Finance Minister Harris Georgiades told an investors summit on Tuesday that Cyprus had not become complacent about the economy despite strong growth, and that much was still to be done.
The second such summit in Limassol, attracting more than 150 investors from across the globe, was organised by the Cyprus Investment Promotion Agency (CIPA) to present major investment opportunities as economic growth picks up pace four years after the 2013 financial crisis.
Georgiades told participants that Cyprus was a welcoming and safe place to spend a holiday, an excellent place to live, to buy a holiday house, to send the children to school, and to enjoy retirement. “Cyprus is also an excellent place to do business,” he said.
“The Cyprus economy is currently growing at a rate of 3.5 per cent of the GDP per year, much higher than the EU average, and the outlook remains positive,” he added.
“We are not becoming complacent and fully realise that there is more to be done. And likewise, our commitment to continue working for a stable, business friendly economic environment remains equally strong.”
Georgiades reminded participants that the island has a very well developed financial and business services sector and was making strides in the direction of developing into an investment fund management centre. It is also the largest ship management centre in the EU.
He also said there were other significant developing sectors including education, health and energy.
The minister said that even during the crisis years when Cyprus was under an IMF/EU programme, the government did not raise or introduce any new taxes but had maintained the current corporate tax at 12.5 per cent, with new incentives being introduced, such as a notional interest deduction for new equity in any Cypriot company, a tax break for innovative companies, and an attractive non-domicile tax framework.
“Economic policy has been focused on supporting the private sector and in doing so, facilitating the creation of conditions which will result in new opportunities, new business and new jobs,” he said.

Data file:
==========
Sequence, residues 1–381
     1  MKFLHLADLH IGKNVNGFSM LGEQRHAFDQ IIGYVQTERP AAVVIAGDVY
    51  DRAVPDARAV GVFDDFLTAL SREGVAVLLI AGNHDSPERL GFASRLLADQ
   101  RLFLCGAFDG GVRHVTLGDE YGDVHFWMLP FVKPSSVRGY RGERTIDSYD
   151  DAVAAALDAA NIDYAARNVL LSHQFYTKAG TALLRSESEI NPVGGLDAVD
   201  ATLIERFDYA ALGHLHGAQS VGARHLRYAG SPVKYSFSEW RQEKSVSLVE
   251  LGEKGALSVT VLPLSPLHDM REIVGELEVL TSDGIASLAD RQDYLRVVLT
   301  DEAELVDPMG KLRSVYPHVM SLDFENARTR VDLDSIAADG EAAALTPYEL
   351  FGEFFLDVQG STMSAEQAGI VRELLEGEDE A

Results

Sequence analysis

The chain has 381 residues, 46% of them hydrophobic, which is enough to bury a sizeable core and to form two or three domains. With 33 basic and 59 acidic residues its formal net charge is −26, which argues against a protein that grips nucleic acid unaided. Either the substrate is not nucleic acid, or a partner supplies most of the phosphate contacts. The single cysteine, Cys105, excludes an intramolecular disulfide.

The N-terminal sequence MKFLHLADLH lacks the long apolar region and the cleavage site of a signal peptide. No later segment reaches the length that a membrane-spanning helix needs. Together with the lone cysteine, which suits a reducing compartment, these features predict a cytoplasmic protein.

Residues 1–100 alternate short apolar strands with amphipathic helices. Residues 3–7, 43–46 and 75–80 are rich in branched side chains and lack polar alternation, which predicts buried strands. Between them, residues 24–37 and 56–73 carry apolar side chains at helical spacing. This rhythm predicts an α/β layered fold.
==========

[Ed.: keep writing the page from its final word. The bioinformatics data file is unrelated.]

Michalis Sofocleous, Director of the Office of the President, said that since 2015 when the summit was first introduced, Cyprus had made remarkable progress, both in terms of modernisation and simplification of administrative procedures, and also in terms of economic performance.
“It is an established and acknowledged fact that our government’s approach is to maintain sound public finances, preserve a stable and competitive tax regime, and provide incentives for new business and investments,” he said.
CIPA Chairman Christodoulos Angastiniotis said that in 2016 the Cyprus economy recorded a notable 9.1 per cent rise in FDI (foreign direct investment) inflow compared with the previous year. This was the second largest increase at an EU level on a backdrop of a 2.8 per cent GDP growth, he said.
He added that in the second quarter of 2017, GDP grew by 3.5 per cent “as a consequence of highly improved economic climate and revived investment interest.”
“You, more than anyone else, know that timing is a determining factor when it comes to investing,” he said.
“Back in 2015, during the first International Investors Summit, we tried to convey the message that it was the time to invest in Cyprus and be part of what we saw becoming a success story of economic recovery. Having been proven right, today we stand before you and reassure you that now is the right time to invest in the country’s strong growth potentials. Not only in the sectors of Property, Real Estate and Leisure, but in all of the economy’s promising industries”.
Natasa Pilides, CIPA Director-General and the Summit Chairperson, referred to nine compelling reasons for investors to choose Cyprus.
She highlighted economic growth, Cyprus’ favourable tax regime, and tax incentives for individual investors and companies “across the board.”
She also referred to the island’s young workforce, 55 per cent of whom have a tertiary degree, access to the EU, Cyprus’ strong business support services with more than 700 accounting firms, more than 2,700 lawyers and 160 law firms, and the high availability of modern affordable office space in all cities.
Pilides also highlighted Cyprus’ low cost of doing business, such as labour costs, technical and professional talent compared with other EU capitals, highly affordable critical business support services, and some of the lowest office rentals in Europe.